Haslett's installation comes just five days after Shanahan was introduced as the replacement for Jim Zorn, who was fired Jan. 4. It could also mean a shift in defensive philosophy for the Redskins. Shanahan has explored using a 3-4 alignment, a scheme with which Haslett has familiarity from his days in Pittsburgh from 1997 to '99. Haslett, who has a reputation of being unafraid to blitz, later used a 4-3 alignment with some of his later teams in New Orleans, where he served as head coach from 2000 to '05, amassing a 45-51 record. In 2008, he served as the interim head coach of the St. Louis Rams, when he went 2-10.

Shanahan's presumed choice for the job had been Mike Zimmer, the defensive coordinator in Cincinnati who revamped the Bengals' defense in his two-year tenure there. Zimmer, though, agreed to a new contract Tuesday with the Bengals, who had an advantage because they held exclusive rights to negotiate with him for the week immediately following Cincinnati's season.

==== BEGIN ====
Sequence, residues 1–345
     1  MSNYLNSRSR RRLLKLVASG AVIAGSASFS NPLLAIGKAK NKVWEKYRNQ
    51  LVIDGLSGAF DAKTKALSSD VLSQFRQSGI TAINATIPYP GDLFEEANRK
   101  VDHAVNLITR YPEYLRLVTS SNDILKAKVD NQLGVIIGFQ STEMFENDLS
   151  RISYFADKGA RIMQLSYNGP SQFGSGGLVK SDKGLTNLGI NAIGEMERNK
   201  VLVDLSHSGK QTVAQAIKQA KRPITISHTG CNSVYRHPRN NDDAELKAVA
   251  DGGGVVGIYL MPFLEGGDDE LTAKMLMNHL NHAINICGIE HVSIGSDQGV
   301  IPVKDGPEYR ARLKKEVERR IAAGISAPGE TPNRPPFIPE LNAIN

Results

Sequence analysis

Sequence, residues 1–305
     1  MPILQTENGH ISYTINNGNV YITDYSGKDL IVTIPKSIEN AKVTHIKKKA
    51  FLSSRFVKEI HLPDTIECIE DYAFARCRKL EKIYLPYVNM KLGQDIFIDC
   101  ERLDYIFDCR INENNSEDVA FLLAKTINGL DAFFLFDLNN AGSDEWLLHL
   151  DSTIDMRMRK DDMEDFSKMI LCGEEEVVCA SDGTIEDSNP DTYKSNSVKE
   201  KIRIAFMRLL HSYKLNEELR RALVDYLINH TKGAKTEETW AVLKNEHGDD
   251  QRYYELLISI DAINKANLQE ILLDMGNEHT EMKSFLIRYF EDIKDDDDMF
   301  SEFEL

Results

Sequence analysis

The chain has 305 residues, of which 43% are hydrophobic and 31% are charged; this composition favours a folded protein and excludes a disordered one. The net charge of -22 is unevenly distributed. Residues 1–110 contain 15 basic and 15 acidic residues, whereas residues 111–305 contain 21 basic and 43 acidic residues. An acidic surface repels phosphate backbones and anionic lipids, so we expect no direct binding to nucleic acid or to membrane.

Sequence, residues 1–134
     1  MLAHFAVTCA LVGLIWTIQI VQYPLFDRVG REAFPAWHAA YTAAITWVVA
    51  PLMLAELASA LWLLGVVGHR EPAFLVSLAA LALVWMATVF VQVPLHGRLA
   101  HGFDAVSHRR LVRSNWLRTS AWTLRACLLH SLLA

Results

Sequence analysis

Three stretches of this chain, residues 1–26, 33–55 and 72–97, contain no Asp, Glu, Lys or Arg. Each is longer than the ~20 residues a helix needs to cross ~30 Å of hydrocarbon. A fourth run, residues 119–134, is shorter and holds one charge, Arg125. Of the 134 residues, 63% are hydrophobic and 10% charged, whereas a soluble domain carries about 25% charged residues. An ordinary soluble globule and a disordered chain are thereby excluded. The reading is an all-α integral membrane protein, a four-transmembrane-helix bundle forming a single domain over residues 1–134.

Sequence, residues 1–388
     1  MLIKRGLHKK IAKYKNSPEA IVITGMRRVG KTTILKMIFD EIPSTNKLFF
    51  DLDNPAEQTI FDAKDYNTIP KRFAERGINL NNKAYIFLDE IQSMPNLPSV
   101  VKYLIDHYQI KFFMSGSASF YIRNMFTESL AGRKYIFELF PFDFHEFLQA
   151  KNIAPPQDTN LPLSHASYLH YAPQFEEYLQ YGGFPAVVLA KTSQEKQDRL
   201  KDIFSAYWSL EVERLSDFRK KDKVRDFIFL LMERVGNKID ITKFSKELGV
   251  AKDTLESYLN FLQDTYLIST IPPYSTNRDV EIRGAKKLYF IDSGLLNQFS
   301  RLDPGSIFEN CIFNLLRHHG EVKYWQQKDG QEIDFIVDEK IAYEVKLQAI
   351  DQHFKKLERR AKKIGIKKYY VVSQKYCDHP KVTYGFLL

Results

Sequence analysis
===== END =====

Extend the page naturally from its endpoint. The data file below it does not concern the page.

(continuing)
Jerry Gray, who served as the secondary coach under both Zorn and former coach Joe Gibbs, had also been a candidate for the defensive coordinator job as well. Gray, who had previously interviewed for Washington's head coaching job when Zorn still held it -- apparently to satisfy the NFL's "Rooney Rule," which requires teams to consider at least one minority for such a position -- was a favorite among some Redskins players. NFL.com reported that Gray interviewed for the position Tuesday.

Former Cleveland head coach Romeo Crennel, who made his reputation as the defensive coordinator in New England, had an "inquiry phone call" with the Redskins, his agent said Tuesday night, but talks never developed. Crennel is likely to go to Kansas City.

Haslett, a former linebacker with the Buffalo Bills, built a stellar defensive reputation over his years as an NFL assistant, particularly with the Steelers, and then as the head coach of the Saints. Though his last few defenses weren't statistically solid -- as the interim head coach of the Rams in 2008, his unit ranked 29th in total defense, and his defenses in six years as the Saints' head coach averaged a ranking of 19th -- he retains a reputation as a creative defensive mind.